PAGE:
The move is the first success in the association's four-month-old effort to revitalize the business district, he said.
The $50-a-month lease agreement will make about 45 spaces at the train station available for public use by patrons of local businesses from 6:30 p.m. to 5 a.m. daily, and all day on weekends, said SEPTA spokeswoman Terry Sawishin.
Currently, only permit parking and daily-fee parking is available at the location, she said.
In the past, merchants have dealt with limited parking by threatening to tow patrons of neighboring businesses.
"They posted signs warning non-customers that they would be towed if they parked and didn't shop," said DiDomenico. "What we've been able to do is provide a more user-friendly Berwyn."
Benefactors of the additional spaces will primarily be the patrons of the antique stores and other businesses around the stretch of Lancaster Avenue near the train station.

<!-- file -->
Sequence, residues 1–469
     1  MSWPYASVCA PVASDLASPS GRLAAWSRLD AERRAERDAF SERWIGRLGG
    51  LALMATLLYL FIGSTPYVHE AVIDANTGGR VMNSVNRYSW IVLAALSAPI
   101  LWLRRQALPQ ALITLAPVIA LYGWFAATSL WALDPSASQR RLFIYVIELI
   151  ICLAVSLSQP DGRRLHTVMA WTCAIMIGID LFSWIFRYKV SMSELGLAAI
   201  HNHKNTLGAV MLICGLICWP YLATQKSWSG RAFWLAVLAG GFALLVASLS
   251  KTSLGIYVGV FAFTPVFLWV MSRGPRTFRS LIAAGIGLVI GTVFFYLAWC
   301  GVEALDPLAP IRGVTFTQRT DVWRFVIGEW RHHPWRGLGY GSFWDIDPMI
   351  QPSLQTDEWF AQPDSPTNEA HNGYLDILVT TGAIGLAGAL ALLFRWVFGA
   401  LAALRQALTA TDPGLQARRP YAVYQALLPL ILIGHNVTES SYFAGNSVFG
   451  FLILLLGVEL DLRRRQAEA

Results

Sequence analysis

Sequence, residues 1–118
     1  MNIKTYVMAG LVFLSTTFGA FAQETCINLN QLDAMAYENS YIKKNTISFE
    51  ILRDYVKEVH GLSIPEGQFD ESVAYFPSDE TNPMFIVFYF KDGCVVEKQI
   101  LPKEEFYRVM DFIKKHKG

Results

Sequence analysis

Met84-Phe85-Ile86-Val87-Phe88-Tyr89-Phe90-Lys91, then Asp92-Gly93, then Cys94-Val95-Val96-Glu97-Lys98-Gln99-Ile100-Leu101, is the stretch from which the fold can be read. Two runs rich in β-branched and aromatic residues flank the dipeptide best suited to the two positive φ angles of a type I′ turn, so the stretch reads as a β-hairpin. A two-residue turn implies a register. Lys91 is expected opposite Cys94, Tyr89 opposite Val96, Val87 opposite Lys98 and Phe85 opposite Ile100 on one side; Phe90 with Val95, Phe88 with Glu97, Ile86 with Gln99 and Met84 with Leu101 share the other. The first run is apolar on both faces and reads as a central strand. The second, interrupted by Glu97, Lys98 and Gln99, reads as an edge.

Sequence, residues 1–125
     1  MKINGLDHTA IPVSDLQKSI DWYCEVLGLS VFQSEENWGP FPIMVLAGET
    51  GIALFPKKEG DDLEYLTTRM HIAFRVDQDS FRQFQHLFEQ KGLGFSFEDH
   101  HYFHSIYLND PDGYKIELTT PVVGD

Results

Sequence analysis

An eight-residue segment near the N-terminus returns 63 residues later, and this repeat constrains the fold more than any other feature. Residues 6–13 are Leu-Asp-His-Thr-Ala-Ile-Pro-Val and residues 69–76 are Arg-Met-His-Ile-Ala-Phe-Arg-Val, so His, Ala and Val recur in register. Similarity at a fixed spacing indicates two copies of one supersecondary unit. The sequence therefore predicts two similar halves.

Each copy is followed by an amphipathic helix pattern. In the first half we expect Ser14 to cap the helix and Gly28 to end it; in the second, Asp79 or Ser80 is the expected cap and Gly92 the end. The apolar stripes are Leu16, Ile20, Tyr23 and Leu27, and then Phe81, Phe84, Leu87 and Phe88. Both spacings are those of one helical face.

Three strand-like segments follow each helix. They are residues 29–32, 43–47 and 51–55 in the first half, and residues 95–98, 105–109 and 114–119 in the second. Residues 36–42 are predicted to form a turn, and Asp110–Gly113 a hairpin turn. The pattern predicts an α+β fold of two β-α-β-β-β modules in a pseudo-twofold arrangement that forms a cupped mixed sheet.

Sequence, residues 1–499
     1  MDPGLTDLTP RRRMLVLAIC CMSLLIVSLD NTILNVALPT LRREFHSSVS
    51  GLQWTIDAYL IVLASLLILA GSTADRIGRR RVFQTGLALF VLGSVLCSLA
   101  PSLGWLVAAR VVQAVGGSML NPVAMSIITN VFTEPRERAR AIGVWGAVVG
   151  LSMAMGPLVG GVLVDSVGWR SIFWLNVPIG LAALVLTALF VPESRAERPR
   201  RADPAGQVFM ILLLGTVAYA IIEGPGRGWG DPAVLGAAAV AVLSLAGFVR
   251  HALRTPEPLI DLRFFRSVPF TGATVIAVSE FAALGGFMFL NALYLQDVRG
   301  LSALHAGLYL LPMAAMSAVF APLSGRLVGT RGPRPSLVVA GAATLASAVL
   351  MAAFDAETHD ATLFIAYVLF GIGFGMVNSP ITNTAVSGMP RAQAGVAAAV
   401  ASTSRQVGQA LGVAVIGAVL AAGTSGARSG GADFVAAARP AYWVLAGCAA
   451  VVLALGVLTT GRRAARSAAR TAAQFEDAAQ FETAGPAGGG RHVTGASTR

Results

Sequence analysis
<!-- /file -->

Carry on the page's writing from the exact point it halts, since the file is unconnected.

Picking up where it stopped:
"Parking has always been a problem to the businesses here," said Berwyn postmaster Sue Cromwell. "There's limited parking out front."
Others, though, feel the additional parking space will be nice, but not necessary.
"It doesn't help me too much," said Willetta Maiale, owner of Paoli Fabric. "I'm not open at night, and on the weekends, the post office closes at 11:30 a.m."